Panelists at plenary session in Bonn for launch of the Sendai Framework Monitoring Process (photo: UNISDR)
By Denis McClean
BONN, 8 December, 2017 - The Sendai Framework Monitoring Process took off this week as representatives from 85 UN Member States met in Bonn to share their knowledge and learn of the reporting requirements for the monitoring of the implementation of the Sendai Framework for Disaster Risk Reduction, the global plan for reducing disaster losses adopted in March 2015.
The area of focus for the technical workshop was on the indicators for measuring targets seeking substantial reductions in (a) mortality (b) numbers of disaster affected, (c) economic losses, and (d) damage to critical infrastructure and on target (e) which sets a deadline of 2020 for a substantial increase in the number of countries with national and local disaster risk reduction strategies.
Global targets (f) on enhancing international cooperation for the implementation of the framework and (g) on increasing availability and access to multi-hazard early warning systems and disaster risk information and assessments were also analysed.
The three-day meeting which finished today was organized by UNISDR and supported by the German government and attended by 170 representatives of countries, UN agencies, intergovernmental organizations and major stakeholder groups. It was particularly targeted at Sendai National Focal Points and representatives of national statistics offices. Support from the German Government enabled a number of representatives from least developed countries and small island developing States to attend.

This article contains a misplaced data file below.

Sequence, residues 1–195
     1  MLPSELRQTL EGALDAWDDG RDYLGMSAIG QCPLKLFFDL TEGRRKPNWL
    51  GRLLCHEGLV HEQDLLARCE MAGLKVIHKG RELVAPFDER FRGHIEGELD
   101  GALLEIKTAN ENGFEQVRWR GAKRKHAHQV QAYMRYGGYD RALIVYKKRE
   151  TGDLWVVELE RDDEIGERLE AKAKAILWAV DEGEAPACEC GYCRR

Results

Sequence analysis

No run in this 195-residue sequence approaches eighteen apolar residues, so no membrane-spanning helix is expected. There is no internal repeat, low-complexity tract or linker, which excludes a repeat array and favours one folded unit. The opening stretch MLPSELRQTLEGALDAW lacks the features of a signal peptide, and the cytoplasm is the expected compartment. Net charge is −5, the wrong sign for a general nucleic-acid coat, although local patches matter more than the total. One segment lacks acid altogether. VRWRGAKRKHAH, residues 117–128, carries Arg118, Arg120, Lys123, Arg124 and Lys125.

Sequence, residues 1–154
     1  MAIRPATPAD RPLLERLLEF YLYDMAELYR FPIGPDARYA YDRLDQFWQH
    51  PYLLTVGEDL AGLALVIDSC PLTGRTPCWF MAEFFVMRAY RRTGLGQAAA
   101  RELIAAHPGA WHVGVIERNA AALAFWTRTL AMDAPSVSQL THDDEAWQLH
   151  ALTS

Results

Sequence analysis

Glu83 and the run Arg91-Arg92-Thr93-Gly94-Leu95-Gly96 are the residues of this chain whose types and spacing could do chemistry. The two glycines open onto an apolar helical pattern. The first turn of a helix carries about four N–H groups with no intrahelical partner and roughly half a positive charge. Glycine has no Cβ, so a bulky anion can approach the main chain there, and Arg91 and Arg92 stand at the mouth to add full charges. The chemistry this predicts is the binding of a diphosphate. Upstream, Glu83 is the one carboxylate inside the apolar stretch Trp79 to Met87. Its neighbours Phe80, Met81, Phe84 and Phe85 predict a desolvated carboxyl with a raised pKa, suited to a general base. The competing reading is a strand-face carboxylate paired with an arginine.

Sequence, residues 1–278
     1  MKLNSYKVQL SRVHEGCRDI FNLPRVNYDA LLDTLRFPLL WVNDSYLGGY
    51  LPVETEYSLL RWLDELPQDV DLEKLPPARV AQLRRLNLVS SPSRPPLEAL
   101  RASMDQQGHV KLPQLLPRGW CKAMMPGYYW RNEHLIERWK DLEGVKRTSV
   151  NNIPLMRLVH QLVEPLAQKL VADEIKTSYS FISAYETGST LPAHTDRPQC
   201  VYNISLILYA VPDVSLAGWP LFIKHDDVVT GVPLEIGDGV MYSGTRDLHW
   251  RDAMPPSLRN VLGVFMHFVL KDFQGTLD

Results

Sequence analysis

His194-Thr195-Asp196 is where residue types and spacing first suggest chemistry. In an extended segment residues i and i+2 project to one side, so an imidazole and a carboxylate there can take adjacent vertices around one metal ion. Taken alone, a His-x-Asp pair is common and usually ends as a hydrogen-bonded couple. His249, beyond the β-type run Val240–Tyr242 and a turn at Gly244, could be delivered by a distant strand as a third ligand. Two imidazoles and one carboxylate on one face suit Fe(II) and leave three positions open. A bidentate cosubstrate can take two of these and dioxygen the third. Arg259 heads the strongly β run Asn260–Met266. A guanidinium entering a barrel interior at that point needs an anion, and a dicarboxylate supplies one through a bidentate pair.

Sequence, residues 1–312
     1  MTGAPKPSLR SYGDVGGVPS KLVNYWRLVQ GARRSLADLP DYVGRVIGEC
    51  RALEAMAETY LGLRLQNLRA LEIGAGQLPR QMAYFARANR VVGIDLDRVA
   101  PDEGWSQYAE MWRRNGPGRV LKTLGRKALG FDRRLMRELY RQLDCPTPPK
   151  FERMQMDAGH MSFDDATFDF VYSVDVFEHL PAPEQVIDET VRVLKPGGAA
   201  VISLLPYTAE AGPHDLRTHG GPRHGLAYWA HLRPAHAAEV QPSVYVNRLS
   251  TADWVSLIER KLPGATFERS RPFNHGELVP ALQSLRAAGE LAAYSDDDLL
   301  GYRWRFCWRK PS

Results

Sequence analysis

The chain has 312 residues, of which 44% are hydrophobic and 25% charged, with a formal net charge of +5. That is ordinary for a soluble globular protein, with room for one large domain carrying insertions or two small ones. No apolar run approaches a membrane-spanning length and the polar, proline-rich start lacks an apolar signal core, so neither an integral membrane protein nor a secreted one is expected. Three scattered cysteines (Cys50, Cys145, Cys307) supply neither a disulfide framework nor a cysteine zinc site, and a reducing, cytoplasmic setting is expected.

Ms. Ingrid Jung, German Ambassador for the UN Liaison Office, Bonn, said: “In order to succeed with Sendai implementation we need to be able to measure the implementation progress at the international level. That is why Germany supports the Sendai Framework Monitoring Team here in Bonn in ensuring such measuring. We also need to ensure close linkage between the Sendai Monitoring Team and national risk reduction stakeholders to coordinate the monitoring process nationally.”
UNISDR’s support team for the Sendai Monitoring process is based in Bonn and is facilitating the process to ensure reporting on disaster losses for 2017 is completed by March 31, 2018 to inform reporting on implementation of the SDGs at the High Level Political Forum on Sustainable Development in July which will focus on “Transformation towards sustainable and resilient societies.”
The Sendai Framework targets and indicators are also being used to measure progress on three critical SDGs: Goal 1, end poverty in all its forms everywhere; Goal 11, make cities and human settlements inclusive, safe, resilient and sustainable, and Goal 13, take urgent action to combat climate change and its impacts.
Mr. Ricardo Mena, head of UNISDR’s Sendai Framework Monitoring Branch, said: “We have general agreement now that the first full two year reporting cycle for 2015-2016 will be completed by October next year. This will provide us with an important benchmark against which to measure future progress and important content for the 2019 edition of the Global Assessment Report on Disaster Risk Reduction which will be a key ingredient in the discussions at the 2019 Global Platform for Disaster Risk Reduction which will be held in Geneva.”
During the three-day technical workshop which launched the Sendai Framework Monitoring Process, participants learned about the Sendai Framework Monitor System including its data entry, analytical capabilities and levels of application at local, national, regional and global level. A number of countries also presented their progress to date in implementing the Sendai Framework.
Mr. Mohamed Zuhair, Minister of State, Ministry of Defence and National Security, Maldives, said: “This workshop was a great opportunity to learn all the technical details about the Sendai Framework Monitor. Disaster risk reduction is a high priority for my country and having shared indicators with Sendai Framework and the SDGs will make our task much easier by reducing the reporting burden.”